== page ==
12. As will be clear, this is a different sense of caring than the more familiar one developed by Frankfurt (1988).

  13. I focus on responsibility for behavior rather than for attitudes simply because I find the former to be more tractable. In future work I hope to consider the question of responsibility for implicit bias itself. For discussion of responsibility for attitudes, see Smith (2005, 2008, 2012). Also see Zheng (forthcoming) for discussion of the conditions under which an implicit bias is implicated in behavior, as it relates to questions about moral responsibility.

  14. Perhaps deep down one can be fundamentally conflicted, as I briefly discuss in §7.1, but this possibility is not usually reflected in the experimental literature on the deep self. Thanks to Alex Madva and Susanna Siegel for pushing me to clarify this. An important question for future research is whether and how the account I develop here integrates with experimental approaches to folk conceptions of the deep self.

  15. In their influential 2008 paper, for example, Kelly and Roedder write, “the IAT requires subjects to make snap judgments that must be made quickly, and thus without moderating influence of introspection and deliberation and often without conscious intention. Biases revealed by an IAT are often thought to implicate relatively automatic processes” (525). Jennifer Saul (2012, 244) describes implicit biases as “unconscious tendencies to automatically associate concepts with one another.” And elsewhere I have called implicit biases “relatively unconscious and relatively automatic features of prejudiced judgment and social behavior” (Brownstein 2015).

  16. An immediate objection stems from the fact that a good number of our explicit attitudes—in the philosophical sense of attitudes—fail to be sensitive to what we think to be true or good. The large literature on belief perseverance is one testament to this (see Anderson and Lindsay (1998) for review). My view—discussed in more depth elsewhere (Brownstein, M. Manuscript, The Implicit Mind (Unpublished))—is that explicit attitudes like beliefs have the possibility of being irrational because part of their function is to respect certain basic rules of rationality (e.g., to be sensitive to logical operators like negation, to be “inferentially promiscuous,” and so). As I suggest below, implicit attitudes don’t have this function. They don’t play the game of rationality. Thus they are arational, not irrational. Thanks to Susanna Siegel for pushing me to clarify this point.

  17. The rest of this paragraph, as well as the paragraph following, are adapted from Brownstein (forthcoming).

  18. Of course, a person will have many associations with the name Malcolm X, just as they will with virtually any cue. APE offers a complex account of which associations will be activated in a given context. This account is largely in keeping with connectionist models of cognition.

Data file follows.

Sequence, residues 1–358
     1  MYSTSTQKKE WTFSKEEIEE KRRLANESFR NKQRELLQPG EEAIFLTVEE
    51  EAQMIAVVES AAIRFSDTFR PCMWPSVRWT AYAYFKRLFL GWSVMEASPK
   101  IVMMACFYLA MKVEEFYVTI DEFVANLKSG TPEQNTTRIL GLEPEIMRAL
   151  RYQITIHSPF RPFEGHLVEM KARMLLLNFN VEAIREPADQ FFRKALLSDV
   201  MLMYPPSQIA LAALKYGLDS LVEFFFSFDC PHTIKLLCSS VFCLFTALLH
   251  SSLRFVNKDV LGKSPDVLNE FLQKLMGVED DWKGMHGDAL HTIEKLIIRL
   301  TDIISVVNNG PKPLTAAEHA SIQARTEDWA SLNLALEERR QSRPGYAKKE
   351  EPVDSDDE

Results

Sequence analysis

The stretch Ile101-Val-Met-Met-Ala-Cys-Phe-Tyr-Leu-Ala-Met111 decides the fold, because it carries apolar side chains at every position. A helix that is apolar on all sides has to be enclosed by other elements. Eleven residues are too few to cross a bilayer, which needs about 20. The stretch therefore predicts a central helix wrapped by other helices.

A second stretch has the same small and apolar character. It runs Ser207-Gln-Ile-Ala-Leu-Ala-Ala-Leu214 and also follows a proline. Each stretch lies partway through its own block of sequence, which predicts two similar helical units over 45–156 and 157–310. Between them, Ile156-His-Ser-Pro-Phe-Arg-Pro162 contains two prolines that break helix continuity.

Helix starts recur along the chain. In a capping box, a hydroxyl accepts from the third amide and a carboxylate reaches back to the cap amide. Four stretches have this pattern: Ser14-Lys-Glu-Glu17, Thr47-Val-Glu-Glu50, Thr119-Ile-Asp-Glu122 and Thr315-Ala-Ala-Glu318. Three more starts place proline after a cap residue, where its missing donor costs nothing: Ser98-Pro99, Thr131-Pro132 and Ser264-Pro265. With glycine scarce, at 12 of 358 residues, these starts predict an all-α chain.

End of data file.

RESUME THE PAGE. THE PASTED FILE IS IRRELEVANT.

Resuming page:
19. A note on potential terminological confusion: APE focuses on what it calls propositional processes, not propositional states (i.e., not mental states with propositional structure, the kind with which philosophers of mind are typically concerned). For more, see Brownstein (2015).

  20. But note that stereotypes such as “athletic” can be positive in some contexts but negative in others. “Athletic” is often associated with “unintelligent,” for example. On the relationship between implicit stereotypes and evaluation, see Amodio and Devine (2006), Holroyd and Sweetman (forthcoming), and Madva and Brownstein (ms).

  21. Notably, Bodenhausen and Gawronski (2014, 957) write that the “distinction between associative and propositional evaluations is analogous to the distinction between ‘alief’ and belief in recent philosophy of epistemology.”

  22. Although note that Levy (2014) does not endorse an associative picture of implicit attitudes. See Mandelbaum (2015) for a contrasting view.

  23. Indulge me in a brief bit of textual interpretation. The fact that the author says he gets angry about slut-shaming, stereotype threat, or “whatever is the affront du jour” strikes me as dismissive of gender prejudice, as if slut-shaming and stereotype threat are passing fads. This seems to be a nice example of unintended bias being expressed in writing. This is striking, since it’s in an essay about unintended biases.

  24. See, respectively, Frankfurt (1971), Watson (1975), and Scanlon (1998).

  25. In the same vein as what I said in §1 with respect to attributionism in general, my central aim is not to promote care-based approaches as such. So I will not offer arguments for the superiority of the care-based approach to these other attributionist theories. I do hope, however, to strengthen the case for a care-based account by showing how it can make sense of responsibility for BEIB.